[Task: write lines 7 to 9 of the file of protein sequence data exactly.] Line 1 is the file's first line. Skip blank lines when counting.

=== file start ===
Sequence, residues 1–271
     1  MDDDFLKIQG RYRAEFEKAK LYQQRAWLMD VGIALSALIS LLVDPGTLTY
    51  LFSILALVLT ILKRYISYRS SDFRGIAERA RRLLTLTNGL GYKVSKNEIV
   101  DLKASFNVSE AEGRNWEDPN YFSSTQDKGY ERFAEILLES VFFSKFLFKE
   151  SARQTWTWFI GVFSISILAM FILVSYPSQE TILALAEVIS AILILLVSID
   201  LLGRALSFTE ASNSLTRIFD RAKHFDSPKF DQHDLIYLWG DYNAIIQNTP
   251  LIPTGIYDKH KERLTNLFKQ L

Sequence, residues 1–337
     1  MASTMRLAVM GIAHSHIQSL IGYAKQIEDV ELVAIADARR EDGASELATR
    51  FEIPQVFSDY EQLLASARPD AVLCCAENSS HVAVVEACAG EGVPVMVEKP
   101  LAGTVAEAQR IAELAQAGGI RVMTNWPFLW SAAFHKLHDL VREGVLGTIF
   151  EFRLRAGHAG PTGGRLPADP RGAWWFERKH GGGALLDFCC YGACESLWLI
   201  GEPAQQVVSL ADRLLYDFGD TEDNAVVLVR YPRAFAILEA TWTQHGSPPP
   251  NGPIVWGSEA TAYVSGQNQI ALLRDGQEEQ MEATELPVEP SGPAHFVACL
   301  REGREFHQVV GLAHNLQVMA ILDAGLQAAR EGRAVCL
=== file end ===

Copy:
   251  LIPTGIYDKH KERLTNLFKQ L

Sequence, residues 1–337
     1  MASTMRLAVM GIAHSHIQSL IGYAKQIEDV ELVAIADARR EDGASELATR